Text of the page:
Don’t Worry, Be Happy

Positive Psychology Helps Cope with Holiday Stress

Nov.10, 2010-A recent survey by the American Psychological Association found that Americans list lack of money, the pressures of gift giving, lack of time and credit card debt as top causes of holiday stress. One in five Americans are worried that holiday stress could affect their physical health and 36 percent say they either eat or drink alcohol to cope with holiday stress.

To help combat the stress of the upcoming holiday season, the University of Utah’s Department of Educational Psychology will offer a seminar on using positive psychology to deal with holiday stress. The seminar will take place Thursday, Nov. 18 from noon to 1 p.m. at the Marriott Library’s first floor kaleidoscope room, 1170 (enter from the west entrance). The seminar is free and open to the public but capacity is limited and guests are encouraged to arrive early.

Trish Henrie, adjunct assistant professor in the U’s Department of Educational Psychology, will lead the seminar, which she explains will focus on gaining a new perspective about the holidays and stress. “It will help participants focus on the four things that help people be and remain happy even during the holidays: good relationships, meaning in life, gratitude and goals,” she says.

Henrie explains that positive psychological principles propose that happiness comes from focusing on strengths instead of weaknesses, building the best things in life instead of repairing the worst and paying attention to the things that contribute to human health instead of healing wounds and focusing on sickness. “By using these principles, stress can be lessened and well being increased,” she says.

J.G. Farr, seminar organizer and associate instructor of educational psychology, explains that, “Techniques from the science of positive psychology can help you cope with difficult people (from store clerks to relatives), learn how to forgive your parents or siblings and feel happy for what you have this holiday season.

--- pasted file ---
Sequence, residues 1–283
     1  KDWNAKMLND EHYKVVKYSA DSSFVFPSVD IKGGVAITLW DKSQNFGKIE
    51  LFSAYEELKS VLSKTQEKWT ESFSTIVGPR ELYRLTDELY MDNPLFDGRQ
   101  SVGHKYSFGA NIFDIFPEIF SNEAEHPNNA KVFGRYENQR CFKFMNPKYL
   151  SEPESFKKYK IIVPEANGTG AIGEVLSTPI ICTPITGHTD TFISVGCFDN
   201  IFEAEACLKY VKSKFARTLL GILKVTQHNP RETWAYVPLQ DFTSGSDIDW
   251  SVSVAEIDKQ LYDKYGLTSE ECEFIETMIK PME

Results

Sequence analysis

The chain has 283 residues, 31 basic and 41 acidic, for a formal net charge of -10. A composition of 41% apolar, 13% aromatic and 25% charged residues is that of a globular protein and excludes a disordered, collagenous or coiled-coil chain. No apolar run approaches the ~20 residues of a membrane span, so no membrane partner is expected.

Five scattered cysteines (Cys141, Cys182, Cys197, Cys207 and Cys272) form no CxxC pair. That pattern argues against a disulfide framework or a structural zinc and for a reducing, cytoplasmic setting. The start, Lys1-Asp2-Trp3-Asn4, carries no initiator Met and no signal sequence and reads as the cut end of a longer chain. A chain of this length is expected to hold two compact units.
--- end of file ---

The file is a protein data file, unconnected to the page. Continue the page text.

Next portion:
“Rather than using unhealthy coping skills of overeating, drinking too much, or getting into arguments with your extended family, Dr. Henrie can show you how to calm down this holiday season, using positive psychology.”

Henrie teaches three online courses in positive psychology and is the president and founder of InteraSolutions, a psychological assessment company. She also has a private practice where she specializes in pain management and addictive thinking. A published author and researcher, Henrie presents at conferences and conventions across the country.

In addition to the seminar, the U’s department of educational psychology is now offering a certificate program in positive psychology. Farr, online coordinator for the new certificate program, explains that positive psychology is a new approach in psychology emphasizing short-term positive strategies to build on an individual’s strengths rather than focus on his/her weaknesses.

The positive psychology program teaches a number of specific skills for individuals, relationships, and professionals. Specific skills for individuals include practicing realistic optimism, changing addictive thinking, changing behavior, and quality of life self-coaching. Skills for relationships include intimate relationship assessment and development, forgiveness, anger reduction and reconstruction after divorce. Skills for professionals include assertiveness training, use of flow and visualization to create optimum work performance, use of meditation for stress reduction and skills to cope with difficult people.

More information on positive psychology and the certificate program may be found at

http://www.ed.utah.edu/edps/positivePsych/ugradcertprogram.html.

Media Contacts For This Story

associate instructor of educational psychology
Office Phone: (801) 424-3283
Email address: jgfarr@msn.com